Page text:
All levels of football must strive to avoid “second impact syndrome”

Sensors inside football players helmets help detect possible concussions
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Apart from the potential long-term effects of suffering two concussions in a short period of time, there’s a much more important short-term concern that arises from the possibility of a player suffering a concussion before he has recovered from a prior one.

The phenomenon is known as “second impact syndrome.” That term was trending on Thursday night, after Dolphins quarterback Tua Tagovailoa suffered an obvious head injury against the Bengals. If he had suffered a concussion on Sunday that had not yet fully resolved itself, he could have experienced second impact syndrome.

Here’s an explanation of the condition, from the National Library of Medicine: “The generally accepted cause relates to sustaining a second concussion before the brain has a chance to recover from the initial insult fully. The athlete will rapidly develop altered mental status and a loss of consciousness within seconds to minutes of the second hit resulting in catastrophic neurological injury. The catastrophic injury results from the dysfunctional cerebral blood flow autoregulation leading to an increase in intracranial pressure. The pressure rapidly develops and eventually results in brain herniation. The herniation may occur either medially across the falx cerebri or inferiorly through the foramen magnum, resulting in brain stem injury and rapid deterioration and leading to death within 2 to 5 minutes.”

The term was coined in 1984, after a football player suffered a head injury, returned to play again four days later, suffered another head injury, collapsed, and died.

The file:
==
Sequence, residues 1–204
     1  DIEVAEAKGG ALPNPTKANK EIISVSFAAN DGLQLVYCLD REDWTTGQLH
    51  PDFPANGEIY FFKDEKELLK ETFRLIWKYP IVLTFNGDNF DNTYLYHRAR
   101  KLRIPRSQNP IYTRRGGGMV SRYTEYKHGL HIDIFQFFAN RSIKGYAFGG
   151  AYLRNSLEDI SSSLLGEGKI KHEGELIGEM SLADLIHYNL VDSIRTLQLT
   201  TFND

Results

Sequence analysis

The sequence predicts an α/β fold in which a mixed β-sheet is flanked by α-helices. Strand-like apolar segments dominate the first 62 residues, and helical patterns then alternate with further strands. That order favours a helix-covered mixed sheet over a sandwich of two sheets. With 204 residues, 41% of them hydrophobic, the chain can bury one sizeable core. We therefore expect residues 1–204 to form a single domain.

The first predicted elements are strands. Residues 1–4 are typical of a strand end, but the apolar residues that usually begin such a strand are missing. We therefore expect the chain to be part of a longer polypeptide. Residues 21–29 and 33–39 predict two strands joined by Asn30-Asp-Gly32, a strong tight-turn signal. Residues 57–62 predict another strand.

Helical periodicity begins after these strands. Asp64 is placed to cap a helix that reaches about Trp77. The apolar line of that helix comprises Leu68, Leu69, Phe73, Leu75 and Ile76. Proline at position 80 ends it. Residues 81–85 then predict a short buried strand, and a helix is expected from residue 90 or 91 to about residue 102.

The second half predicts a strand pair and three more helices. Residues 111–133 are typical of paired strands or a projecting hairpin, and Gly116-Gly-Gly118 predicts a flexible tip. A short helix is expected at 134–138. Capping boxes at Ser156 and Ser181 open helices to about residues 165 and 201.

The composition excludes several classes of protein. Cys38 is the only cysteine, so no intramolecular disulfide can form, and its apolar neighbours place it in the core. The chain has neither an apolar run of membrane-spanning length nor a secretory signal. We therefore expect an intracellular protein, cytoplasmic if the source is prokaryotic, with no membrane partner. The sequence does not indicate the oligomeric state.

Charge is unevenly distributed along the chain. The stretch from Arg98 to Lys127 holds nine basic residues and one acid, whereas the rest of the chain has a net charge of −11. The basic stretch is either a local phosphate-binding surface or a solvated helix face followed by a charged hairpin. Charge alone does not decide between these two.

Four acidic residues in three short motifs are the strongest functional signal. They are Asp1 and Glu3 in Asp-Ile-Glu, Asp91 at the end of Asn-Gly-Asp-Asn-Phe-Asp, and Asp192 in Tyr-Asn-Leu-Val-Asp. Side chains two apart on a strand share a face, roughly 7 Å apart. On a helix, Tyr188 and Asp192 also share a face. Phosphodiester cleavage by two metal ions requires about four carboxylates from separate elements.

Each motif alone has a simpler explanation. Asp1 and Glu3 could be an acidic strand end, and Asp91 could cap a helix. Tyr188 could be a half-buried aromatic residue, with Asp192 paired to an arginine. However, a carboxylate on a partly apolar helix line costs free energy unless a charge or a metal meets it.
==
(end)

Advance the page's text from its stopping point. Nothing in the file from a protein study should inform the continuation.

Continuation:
The NFL has never experienced a player dying on the field from a head injury. In August 2001, Korey Stringer died due to heat exhaustion at training camp. In October 1971, Chuck Hughes died during a game, from a heart ailment.

In 2009, not long before Congress forced a concussion epiphany upon the NFL, quarterback Carson Palmer predicted that someone will eventually die on the field.

“Everyone talks about the good old days, when guys were tough and quarterbacks got crushed all the time,” Palmer said, “but back in the day, there weren’t defensive ends that were Mario Williams — 6-7, 300 pounds, 10 percent body fat, running a 4.7 40

Although the NFL has avoided an on-field fatality due to head trauma, high school players die every year. Last month alone, at least two died: Xavier McClain in New Jersey, and Yahir Cancino in Texas.

In 2009, the state of Washington enacted the first law aimed at protecting high school players from suffering a second head injury before the first one healed. The NFL was instrumental in getting all states to adopt similar legislation named for Zachary Lystedt, who experienced a catastrophic brain injury after two head injuries in the same game.

The NFL’s obvious goal is to prevent second impact syndrome. That’s why the investigation regarding Tagovailoa’s return to play on Sunday after displaying gross motor instability has become so important. The loophole that allowed doctors to clear Tagovailoa could lead, in the wrong set of circumstances, to the worst-case scenario for the player.

It’s critical that the NFL get this right. There’s no hope for lower levels of the sport ever fully and properly protecting football players if the NFL can’t. (Even if the NFL can figure it out, the lower levels remain woefully behind the curve.)

The easiest fix, in the aftermath of the Tagovailoa controversy, would be to immediately make gross motor instability a “no go,” with no exceptions or loopholes. We’ve asked the league whether that change will be made before Sunday’s games. Hopefully, it will be.

If a player who has shown obvious wobbling can be cleared to return to an NFL game, he can be cleared to return to a high-school game, too. The sooner the NFL sends a loud and clear message that what we all saw last Sunday should never happen at any level of football, the message will be received by every level of football.

23 responses to “All levels of football must strive to avoid “second impact syndrome”

  1. Its not our desicion if Tua wants to be an NFL player as an occupation. If he doesnt want the risk of an occasional stinger he is free to find another job anywhere that will hire him.

    Lets not make this a bigger deal than it is.

  2. Goodell will do nothing.